QuoteEarlier this morning rumor had it that Best Buy was getting—and selling—the new Sony Internet TVs as early as today. An anonymous tipster sent us some pics confirming that this could indeed be the case.
QuoteBack in the Great Depression, and before we had third world nations to do all our icky manual labor, you had to work if you wanted to watch television. Not that there was much on (and you thought winter Saturday figure skating was bad?), but if you wanted a glimpse of the future, it required sweat, a high quality radio and some neon tubes. Also, holding your thumb against a disk to keep the picture straight, and the ability to adjust motor rheostats, whatever that means.
QuoteBefore there were soap operas and Ellen Degeneres to keep the little lady occupied while she kept house, there was a gigantic, horribly sexist robot that coldly reminded women how to properly toil in domestic servitude.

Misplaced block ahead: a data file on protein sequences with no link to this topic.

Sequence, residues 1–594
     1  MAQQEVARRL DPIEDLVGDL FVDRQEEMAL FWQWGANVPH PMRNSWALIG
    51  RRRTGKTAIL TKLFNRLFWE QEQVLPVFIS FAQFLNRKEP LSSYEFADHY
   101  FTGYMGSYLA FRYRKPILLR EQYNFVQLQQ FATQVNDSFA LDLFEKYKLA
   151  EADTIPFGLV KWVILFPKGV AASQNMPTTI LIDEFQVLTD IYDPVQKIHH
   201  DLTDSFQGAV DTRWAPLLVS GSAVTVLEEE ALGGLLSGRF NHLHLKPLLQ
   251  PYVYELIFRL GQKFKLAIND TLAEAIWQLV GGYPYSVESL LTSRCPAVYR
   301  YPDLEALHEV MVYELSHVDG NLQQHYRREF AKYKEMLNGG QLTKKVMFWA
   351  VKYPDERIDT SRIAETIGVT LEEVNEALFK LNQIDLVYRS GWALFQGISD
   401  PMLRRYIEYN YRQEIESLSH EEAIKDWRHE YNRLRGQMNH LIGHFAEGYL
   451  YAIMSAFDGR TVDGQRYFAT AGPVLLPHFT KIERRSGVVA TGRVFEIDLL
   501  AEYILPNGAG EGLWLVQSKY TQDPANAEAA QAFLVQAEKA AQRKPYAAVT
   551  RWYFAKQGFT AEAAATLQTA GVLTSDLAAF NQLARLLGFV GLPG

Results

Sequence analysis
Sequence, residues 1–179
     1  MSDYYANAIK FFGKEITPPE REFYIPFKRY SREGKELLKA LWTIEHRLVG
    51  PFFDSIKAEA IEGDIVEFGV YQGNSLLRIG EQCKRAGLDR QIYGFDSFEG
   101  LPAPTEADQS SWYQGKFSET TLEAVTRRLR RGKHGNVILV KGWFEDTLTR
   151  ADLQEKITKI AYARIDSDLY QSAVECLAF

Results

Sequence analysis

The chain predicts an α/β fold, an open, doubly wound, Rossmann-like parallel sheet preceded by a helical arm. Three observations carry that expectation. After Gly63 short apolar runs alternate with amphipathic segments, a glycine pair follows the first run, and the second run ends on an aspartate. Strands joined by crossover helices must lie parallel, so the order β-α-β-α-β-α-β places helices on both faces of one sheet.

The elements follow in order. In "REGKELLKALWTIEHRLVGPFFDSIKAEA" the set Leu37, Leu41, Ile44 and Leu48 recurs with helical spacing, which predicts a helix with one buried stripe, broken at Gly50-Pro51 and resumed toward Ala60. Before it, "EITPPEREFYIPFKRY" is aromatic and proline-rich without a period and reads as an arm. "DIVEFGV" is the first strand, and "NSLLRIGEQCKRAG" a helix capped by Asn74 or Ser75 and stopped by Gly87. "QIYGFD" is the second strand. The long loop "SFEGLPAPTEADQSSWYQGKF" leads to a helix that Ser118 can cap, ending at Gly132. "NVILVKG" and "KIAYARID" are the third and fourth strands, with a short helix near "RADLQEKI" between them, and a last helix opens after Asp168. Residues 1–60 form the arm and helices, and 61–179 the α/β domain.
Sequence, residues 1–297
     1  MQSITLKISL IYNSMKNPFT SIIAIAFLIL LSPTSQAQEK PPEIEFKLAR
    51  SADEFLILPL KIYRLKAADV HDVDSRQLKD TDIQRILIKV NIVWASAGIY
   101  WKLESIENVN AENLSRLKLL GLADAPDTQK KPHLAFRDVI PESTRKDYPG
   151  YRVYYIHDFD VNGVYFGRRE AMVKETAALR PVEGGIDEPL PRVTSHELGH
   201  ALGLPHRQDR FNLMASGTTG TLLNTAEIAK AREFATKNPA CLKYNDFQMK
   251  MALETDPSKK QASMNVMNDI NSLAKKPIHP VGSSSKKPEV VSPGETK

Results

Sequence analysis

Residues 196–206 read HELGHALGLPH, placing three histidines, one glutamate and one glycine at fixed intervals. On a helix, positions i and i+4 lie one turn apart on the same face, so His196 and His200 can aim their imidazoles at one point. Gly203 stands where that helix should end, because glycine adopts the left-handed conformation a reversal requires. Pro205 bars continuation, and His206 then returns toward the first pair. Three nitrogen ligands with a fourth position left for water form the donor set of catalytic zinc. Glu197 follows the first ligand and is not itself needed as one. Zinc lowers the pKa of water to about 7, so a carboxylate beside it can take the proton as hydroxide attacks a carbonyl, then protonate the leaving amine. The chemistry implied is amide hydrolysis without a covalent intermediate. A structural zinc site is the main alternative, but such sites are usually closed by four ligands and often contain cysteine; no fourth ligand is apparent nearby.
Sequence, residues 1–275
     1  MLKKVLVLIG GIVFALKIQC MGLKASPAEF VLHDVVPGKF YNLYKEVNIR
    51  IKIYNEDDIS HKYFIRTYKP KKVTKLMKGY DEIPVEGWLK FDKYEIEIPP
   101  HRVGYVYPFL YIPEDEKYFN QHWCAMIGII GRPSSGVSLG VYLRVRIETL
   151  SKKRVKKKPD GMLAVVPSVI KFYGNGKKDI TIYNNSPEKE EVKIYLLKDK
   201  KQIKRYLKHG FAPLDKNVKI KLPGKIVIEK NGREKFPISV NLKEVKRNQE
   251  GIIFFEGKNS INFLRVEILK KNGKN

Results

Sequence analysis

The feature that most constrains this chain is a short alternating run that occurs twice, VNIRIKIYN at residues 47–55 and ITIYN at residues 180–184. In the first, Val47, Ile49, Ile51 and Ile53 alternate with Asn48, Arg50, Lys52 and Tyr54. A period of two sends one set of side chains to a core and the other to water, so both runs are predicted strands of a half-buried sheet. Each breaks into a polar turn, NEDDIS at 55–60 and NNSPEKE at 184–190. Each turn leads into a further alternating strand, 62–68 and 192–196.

Quote"Entertainment has remained the most important function of the mass communication services. It is important to instruct people, but in a nervous and complex civilization like ours it is even more important to amuse and thrill them." Suck it Tom Brokaw, even the Greatest Generation needed their Jersey Shore fix. Or something like that.
QuoteWhat is that, you say? The proposition of color television? Ha! A mere passing trend, flashing opiates for the masses! Hardly a reason to replace the old, trusty tube and cabinet, what with its distinguished gray tones that produce classic, distinguished programming.